JO - Journal of the American Chemical Society

Bob L. Wheeler, G. Nagasubramanian, Allen J. Bard, Lee A. Schechtman, David R. Dininny,

JF - Journal of the American Chemical Society

The BODIPY based synthons were prepared by adapting standard synthetic methodologies for the fluorescent dyes. Initial attempts to prepare BODIPY-carboxylic acids 7 and 8 directly from 4-formylbenzoic acid (5) and the appropriate pyrroles failed due to the insolubility of the aldehyde in the typical chlorinated solvents used for BODIPY synthesis. Accordingly, we converted 5 to the tert-butyl ester to improve the solubility of the aldehyde building block. Esterification of 4-formylbenzoic acid (5) with tert-butanol using DCC and DMAP delivered aldehyde 6. Condensation of 6 with either 2,4-dimethylpyrrole or 2,4-dimethyl-3-ethyl pyrrole using TFA as an acid catalyst, followed by oxidation with p-chloranil and addition BF3•OEt2 cleanly generated BODIPY derivatives 7 and 8 in 68% and 50% yield, respectively ().

/ Wheeler, Bob L.; Nagasubramanian, G.; Bard, Allen J.; Schechtman, Lee A.; Dininny, David R.

Synthesis and Chemiluminescence of Luminol - YouTube

Chemiluminescence is the production of light from a chemical reaction. Two chemicals react to form an excited (high-energy) intermediate, which breaks down releasing some of its energy as of light (see glossary for all terms in bold) to reach its ground state (see , below).

Supporting Information Spectroscopic and voltammetric data. This material is available free of charge via the Internet at .

BOPEG2 and BOPEG3 display similar spectral profiles that are shifted ~20 – 30 nm to longer wavelengths due to the ethyl groups at the 2- and 6-positions of the BODIPY framework (). Variation of PEG chain length does not attenuate the dye photophysics. All three BOPEG dyes display small Stokes shifts of 12 – 15 nm, and relatively high fluorescence quantum yields, which range from 59 – 82%. Both of these observations are typical of BODIPY derivatives. Interestingly, increasing the length of the PEG chain, is manifest in lower fluorescence quantum yields. The BOPEG photophysics are also largely invariant to solvent polarity, as absorbance and fluorescence spectra with similar profiles to those obtained in CH2Cl2 were also obtained in polar solvents such as MeCN or water ().

The pH chemistry of luminol chemiluminescence is very complicated and I failed to get any kind of conclusive data from my own experiments.

Synthesis and chemiluminescence of a protected peroxyoxalate

Chemiluminescence reactions, such as those in glow sticks, are temperature-dependent. The reaction speeds up as the temperature rises – snapping your glow stick in hot water will produce a fantastic glow, but it will not last as long as it would at room temperature. Conversely, the reaction rate slows down at low temperature; this is why keeping your glow stick in the freezer for several hours can allow the stick to glow brightly again when it is removed and warmed up, long after it would otherwise have stopped glowing. The reaction does not stop completely in the freezer, but it does slow down so that the glow is barely detectable.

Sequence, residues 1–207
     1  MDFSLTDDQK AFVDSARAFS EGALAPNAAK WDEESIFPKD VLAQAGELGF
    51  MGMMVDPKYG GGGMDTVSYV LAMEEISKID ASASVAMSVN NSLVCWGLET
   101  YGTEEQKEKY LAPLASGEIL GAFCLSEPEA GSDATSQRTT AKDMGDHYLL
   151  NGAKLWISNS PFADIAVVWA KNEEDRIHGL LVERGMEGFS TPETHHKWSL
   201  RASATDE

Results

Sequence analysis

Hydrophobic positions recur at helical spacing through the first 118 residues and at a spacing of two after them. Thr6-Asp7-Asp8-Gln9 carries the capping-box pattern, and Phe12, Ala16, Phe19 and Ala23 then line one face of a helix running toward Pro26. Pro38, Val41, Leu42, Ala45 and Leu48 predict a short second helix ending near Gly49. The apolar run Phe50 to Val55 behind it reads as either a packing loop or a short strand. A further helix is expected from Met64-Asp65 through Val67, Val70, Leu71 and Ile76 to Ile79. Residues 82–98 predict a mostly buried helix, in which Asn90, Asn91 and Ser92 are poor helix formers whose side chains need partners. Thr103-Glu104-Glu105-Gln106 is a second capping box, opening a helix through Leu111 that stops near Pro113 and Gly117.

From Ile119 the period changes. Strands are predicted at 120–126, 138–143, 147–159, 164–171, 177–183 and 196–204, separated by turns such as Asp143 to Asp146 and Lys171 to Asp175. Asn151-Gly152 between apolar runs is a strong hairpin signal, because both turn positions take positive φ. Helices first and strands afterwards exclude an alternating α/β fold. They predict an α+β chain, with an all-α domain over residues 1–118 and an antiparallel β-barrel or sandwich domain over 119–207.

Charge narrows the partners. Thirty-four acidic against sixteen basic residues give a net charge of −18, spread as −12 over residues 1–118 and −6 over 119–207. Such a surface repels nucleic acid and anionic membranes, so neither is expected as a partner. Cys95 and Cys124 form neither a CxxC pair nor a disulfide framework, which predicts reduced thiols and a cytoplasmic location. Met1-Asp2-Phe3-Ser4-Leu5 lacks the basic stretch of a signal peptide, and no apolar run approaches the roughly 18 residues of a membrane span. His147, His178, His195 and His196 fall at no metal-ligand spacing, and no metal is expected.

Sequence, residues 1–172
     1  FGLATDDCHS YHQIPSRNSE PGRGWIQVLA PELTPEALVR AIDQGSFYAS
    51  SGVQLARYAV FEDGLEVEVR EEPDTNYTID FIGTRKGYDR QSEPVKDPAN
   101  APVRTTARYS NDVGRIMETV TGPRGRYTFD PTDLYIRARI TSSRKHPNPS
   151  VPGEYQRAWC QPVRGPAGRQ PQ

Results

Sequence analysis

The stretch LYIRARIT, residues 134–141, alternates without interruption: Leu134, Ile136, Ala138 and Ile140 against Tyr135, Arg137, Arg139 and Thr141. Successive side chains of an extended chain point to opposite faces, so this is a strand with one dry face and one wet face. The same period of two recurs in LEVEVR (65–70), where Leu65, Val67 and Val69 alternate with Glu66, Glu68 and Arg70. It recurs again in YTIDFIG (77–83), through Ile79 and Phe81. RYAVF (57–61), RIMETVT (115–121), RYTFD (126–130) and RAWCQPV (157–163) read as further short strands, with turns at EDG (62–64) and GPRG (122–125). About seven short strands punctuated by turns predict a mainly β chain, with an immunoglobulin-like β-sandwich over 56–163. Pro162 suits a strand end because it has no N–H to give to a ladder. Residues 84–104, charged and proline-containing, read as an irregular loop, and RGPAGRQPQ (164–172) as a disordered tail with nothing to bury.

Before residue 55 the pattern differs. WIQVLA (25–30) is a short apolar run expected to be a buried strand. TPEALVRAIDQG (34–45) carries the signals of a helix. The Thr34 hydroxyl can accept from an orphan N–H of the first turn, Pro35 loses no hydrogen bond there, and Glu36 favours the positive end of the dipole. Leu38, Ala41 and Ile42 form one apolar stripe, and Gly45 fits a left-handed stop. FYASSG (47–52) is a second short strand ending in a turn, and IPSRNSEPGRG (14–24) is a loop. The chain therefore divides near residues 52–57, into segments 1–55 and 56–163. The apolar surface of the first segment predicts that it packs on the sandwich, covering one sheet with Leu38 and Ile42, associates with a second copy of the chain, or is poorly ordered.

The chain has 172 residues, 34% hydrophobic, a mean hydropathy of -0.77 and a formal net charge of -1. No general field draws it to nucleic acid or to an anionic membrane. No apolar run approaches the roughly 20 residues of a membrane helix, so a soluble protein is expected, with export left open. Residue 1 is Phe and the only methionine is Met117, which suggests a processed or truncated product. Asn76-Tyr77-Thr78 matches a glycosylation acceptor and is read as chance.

Because the iron acts as a catalyst, it is only required in trace amounts, therefore only a tiny amount of blood is required to produce a positive result. This means that blood can be detected even when it is not visible to the naked eye.

Regional Centre of Advanced Technologies and Materials

When diphenyl oxalate reacts with hydrogen peroxide (H2O2), it is oxidised to give phenol and a cyclic peroxide. The peroxide reacts with a molecule of dye to give two molecules of carbon dioxide (CO2) and in the process, an electron in the dye molecule is promoted to an excited state. When the excited (high-energy) dye molecule returns to its ground state, a photon of light is released. The reaction is pH-dependent. When the solution is slightly alkaline, the reaction produces a brighter light.

Researche institute in Czech Republic focuses on nanotechnology

Forensic scientists use the reaction of luminol to detect blood at crime scenes. A mixture of luminol in a dilute solution of hydrogen peroxide is sprayed onto the area where the forensic scientists suspect that there is blood. The iron present in the haem unit of haemoglobin (see ) in the blood acts as a in the reaction described in . The room must be dark and if blood is present, a blue glow, lasting for about 30 seconds, will be observed. The forensic investigators can record this glow by using photographic film, which can be used as evidence in court for the presence of blood at the scene. (For a teaching activity about forensic science, see .